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Lecturer @ Federal University of Kashere, Gombe State, Nigeria


Aliyu Yakubu Abdulkadir holds a BA (Hons) in English from Gombe State University and is currently rounding off his MA in English Literature at the University of Jos, and MA in Cultural Sustainability at the SDG Graduate School, University of Maiduguri, where he is a DAAD fellow. He teaches prose fiction and creative writing in the Department of English and Literary Studies, Federal University of Kashere, Gombe State, Nigeria. His poetry collection, The Banquet, was published in 2017.

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Black Power in Literature


Decolonising Caribbean History through the Art of Fiction: An Analysis of Kei Miller’s The Last Warner Woman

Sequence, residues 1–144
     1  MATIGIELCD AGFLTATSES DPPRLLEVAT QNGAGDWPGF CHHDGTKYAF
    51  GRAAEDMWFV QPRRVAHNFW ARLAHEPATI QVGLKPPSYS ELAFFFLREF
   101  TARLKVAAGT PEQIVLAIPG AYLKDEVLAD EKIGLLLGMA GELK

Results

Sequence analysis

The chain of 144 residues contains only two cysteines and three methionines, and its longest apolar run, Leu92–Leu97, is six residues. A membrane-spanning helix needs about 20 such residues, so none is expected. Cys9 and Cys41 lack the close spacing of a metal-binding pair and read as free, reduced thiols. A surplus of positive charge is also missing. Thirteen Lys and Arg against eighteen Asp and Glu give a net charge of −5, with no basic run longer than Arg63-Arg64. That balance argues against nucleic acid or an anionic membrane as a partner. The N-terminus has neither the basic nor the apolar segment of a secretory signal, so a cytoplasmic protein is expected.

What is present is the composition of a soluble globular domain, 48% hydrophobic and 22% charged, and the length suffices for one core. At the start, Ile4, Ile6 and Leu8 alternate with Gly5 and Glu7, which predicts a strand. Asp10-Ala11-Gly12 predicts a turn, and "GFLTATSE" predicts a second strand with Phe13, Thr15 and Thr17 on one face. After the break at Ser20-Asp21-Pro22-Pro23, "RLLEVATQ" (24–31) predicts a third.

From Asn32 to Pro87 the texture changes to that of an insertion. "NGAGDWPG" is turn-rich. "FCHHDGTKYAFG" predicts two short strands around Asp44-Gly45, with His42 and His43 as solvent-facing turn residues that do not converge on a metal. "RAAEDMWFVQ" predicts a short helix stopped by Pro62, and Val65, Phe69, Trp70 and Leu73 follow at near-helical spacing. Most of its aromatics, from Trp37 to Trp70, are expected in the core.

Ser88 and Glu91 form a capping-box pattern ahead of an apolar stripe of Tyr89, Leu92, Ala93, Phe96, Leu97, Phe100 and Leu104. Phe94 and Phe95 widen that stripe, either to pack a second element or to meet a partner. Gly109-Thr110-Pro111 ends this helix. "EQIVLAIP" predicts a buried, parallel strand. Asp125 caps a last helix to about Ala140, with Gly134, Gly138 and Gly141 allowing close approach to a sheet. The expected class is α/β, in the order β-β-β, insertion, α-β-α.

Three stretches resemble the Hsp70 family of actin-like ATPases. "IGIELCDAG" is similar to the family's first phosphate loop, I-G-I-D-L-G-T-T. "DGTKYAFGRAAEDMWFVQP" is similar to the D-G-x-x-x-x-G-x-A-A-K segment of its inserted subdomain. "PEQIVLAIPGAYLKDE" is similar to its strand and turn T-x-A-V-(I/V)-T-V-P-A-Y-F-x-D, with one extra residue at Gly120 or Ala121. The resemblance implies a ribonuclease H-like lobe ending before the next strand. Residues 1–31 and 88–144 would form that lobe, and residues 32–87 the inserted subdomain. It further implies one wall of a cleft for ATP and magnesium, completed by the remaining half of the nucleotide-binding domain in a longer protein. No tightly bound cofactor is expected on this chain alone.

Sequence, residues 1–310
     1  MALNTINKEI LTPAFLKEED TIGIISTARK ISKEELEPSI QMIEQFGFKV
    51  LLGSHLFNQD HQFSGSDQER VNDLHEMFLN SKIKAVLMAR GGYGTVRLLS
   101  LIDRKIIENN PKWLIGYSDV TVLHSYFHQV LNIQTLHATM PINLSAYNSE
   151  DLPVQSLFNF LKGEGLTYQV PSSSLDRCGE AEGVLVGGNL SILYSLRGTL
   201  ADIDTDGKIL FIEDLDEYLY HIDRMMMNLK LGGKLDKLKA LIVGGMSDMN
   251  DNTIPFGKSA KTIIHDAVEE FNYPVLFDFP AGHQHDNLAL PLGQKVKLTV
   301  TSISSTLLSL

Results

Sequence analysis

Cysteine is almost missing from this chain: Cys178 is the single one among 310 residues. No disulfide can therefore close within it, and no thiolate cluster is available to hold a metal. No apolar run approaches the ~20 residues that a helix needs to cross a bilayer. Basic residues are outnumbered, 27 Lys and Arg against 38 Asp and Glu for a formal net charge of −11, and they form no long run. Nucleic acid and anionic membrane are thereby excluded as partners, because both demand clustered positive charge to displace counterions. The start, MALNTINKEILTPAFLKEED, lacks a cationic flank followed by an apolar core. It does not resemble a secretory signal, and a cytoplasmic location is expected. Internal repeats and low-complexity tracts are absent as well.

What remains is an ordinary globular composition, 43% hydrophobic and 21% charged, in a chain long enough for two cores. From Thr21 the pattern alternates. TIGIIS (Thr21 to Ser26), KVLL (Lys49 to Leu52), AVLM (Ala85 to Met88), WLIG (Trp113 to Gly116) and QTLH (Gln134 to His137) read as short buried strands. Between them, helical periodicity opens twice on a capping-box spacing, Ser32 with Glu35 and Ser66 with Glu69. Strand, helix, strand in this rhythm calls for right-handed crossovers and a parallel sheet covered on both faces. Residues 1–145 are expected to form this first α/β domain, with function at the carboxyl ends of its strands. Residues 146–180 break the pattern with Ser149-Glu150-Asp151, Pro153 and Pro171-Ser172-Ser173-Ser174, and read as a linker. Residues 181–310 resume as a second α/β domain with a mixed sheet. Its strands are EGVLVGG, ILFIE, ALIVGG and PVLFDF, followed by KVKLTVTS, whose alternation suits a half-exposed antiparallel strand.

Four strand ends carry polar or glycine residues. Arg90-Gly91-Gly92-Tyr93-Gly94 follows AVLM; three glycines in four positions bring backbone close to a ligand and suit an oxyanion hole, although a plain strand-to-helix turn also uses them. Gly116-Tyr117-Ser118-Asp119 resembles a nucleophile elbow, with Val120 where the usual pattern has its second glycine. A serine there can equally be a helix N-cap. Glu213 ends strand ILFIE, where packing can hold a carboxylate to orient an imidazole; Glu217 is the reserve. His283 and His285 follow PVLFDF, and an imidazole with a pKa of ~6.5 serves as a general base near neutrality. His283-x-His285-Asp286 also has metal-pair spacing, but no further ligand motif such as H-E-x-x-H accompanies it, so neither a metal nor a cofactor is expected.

Colonial history of the Caribbean is replete with errors, deletions, distortions, fabrications and omissions, all too often intentional. These have contributed to the vast legacy of dispossession, exploitation, and betrayal in the aftermath of colonialism. Among the various machineries that Caribbean intellectuals of African descent have employed to challenge and address these inadequacies is the art of fiction. The present study examines The Last Warner Woman, a novel by the Jamaican author Kei Miller, evaluating the various ways it re-historicises the region’s past. Through the theoretical approach of New Historicism, the study critically explores the thematic and stylistic textures of Miller’s novel, and finds that underneath the moving narrative of the warner woman’s life lies a deliberate re-presentation of the regional history, the result being a nuanced account of its cultural diversity, an exposition of the pretensions and hubris of the colonisers and the church, and a tribute to the power of African identity to evolve while resisting attempts to extirpate it in the diaspora. Through the art of fiction, Miller escapes the alienating effects of colonial history, repossessing the past and demonstrating that history is in fact, no mere documentary realism but a part and parcel of evolving reality. Like novelists Alejo Carpentier, Edouard Glissant, and Wilson Harris before him, among others, Miller recognises a capacity for recreation and renewal in the myths, legends, and folktales that arose from the cultural encounters that shaped and continue to shape the Caribbean

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